ABSTRACT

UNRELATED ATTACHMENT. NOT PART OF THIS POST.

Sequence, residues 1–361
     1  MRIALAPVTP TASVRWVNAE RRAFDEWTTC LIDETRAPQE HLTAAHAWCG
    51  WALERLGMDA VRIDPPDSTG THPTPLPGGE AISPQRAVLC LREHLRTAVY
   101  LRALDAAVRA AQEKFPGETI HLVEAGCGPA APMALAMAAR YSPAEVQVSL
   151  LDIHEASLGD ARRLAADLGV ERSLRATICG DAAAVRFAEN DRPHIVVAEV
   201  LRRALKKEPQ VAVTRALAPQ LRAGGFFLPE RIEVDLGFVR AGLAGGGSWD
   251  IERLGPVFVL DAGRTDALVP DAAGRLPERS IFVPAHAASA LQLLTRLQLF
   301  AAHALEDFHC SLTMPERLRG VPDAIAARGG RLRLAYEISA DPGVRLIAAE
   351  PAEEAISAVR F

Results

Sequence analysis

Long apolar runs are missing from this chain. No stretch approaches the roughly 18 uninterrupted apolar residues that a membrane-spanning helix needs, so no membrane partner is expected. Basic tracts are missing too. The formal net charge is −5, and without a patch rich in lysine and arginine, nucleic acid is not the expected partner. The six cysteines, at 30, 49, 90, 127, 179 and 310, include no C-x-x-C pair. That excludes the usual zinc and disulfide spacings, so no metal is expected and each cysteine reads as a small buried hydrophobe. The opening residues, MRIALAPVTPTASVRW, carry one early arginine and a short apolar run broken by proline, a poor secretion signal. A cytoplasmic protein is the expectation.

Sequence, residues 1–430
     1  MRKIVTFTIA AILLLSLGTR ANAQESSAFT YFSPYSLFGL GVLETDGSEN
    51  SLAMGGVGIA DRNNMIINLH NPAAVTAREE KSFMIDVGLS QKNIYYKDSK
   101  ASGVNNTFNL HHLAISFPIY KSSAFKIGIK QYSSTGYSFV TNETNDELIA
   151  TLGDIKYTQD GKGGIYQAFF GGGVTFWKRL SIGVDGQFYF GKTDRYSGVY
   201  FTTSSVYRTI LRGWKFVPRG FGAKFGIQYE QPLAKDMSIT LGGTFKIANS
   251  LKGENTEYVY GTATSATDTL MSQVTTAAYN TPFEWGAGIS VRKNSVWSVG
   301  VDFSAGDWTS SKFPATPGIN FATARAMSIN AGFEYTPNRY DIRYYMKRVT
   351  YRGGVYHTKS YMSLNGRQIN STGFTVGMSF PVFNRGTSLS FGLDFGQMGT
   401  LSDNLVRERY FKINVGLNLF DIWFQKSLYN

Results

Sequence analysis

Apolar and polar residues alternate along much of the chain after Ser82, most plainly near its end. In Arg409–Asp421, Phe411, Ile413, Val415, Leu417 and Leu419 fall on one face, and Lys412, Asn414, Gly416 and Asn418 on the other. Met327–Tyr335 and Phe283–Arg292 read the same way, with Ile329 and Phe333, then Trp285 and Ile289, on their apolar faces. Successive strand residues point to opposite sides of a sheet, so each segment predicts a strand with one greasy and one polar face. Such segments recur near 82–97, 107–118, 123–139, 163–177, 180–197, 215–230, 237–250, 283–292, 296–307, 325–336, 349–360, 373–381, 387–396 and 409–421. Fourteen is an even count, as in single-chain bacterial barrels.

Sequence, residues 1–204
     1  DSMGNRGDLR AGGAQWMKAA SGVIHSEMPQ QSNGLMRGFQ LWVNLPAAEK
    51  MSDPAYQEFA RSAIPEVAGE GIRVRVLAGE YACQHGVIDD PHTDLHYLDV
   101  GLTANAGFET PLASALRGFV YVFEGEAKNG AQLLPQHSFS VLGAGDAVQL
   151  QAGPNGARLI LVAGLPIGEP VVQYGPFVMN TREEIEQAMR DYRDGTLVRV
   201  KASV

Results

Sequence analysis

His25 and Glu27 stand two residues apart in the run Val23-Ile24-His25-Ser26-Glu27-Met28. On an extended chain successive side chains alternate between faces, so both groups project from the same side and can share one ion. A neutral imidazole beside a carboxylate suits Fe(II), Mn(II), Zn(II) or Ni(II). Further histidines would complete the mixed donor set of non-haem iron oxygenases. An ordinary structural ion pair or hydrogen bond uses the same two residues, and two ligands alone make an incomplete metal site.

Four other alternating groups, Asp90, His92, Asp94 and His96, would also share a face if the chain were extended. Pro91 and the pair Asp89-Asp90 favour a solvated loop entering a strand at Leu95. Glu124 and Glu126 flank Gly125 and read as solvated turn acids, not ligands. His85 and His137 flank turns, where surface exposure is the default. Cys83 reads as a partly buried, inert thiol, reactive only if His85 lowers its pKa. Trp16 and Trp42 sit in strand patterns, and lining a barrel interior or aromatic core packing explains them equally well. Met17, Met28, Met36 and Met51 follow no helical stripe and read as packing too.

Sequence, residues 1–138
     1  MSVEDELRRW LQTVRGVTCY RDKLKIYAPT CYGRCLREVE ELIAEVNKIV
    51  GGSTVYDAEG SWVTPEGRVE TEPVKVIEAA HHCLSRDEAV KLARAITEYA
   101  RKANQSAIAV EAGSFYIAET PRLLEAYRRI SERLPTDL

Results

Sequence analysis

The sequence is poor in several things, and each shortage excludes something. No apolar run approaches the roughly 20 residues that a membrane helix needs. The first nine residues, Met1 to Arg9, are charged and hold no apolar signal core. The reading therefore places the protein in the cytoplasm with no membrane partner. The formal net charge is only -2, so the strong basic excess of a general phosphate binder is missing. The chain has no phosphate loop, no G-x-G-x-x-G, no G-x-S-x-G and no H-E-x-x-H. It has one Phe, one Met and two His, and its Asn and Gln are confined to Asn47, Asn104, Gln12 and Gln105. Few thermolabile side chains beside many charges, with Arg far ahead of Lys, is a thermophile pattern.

Forecasting the full distribution of the number of earthquakes is revealed to be inherently superior to forecasting their mean. Forecasting the full distribution of earthquake numbers is also shown to yield robust projections in the presence of surprise large earthquakes, which in the past have strongly deteriorated the scores of existing models. We show this with pseudoprospective experiments on synthetic as well as real data from the Advanced National Seismic System database for California, with earthquakes with magnitude larger than 2.95 that occurred between the period 1971 and 2016. Our results call in question the testing methodology of the Collaboratory for the Study of Earthquake Predictability (CSEP), which amounts to assuming a Poisson distribution of earthquake numbers, which is known to be a poor representation of the heavy‐tailed distribution of earthquake numbers. Using a spatially varying epidemic‐type aftershock sequence (ETAS) model, we demonstrate a remarkable stability of the forecasting performance, when using the full distribution of earthquake numbers for the forecasts, even in the presence of large earthquakes such as Mw 7.1 Hector Mine, Mw 7.2 El Mayor–Cucapah, Mw 6.6 Sam Simeon earthquakes, or in the presence of intense swarm activity in northwest Nevada in 2014. Although our results have been derived for ETAS‐type models, we propose that all earthquake forecasting models of any type should embrace the full distribution of earthquake numbers, such that their true forecasting potential is revealed.

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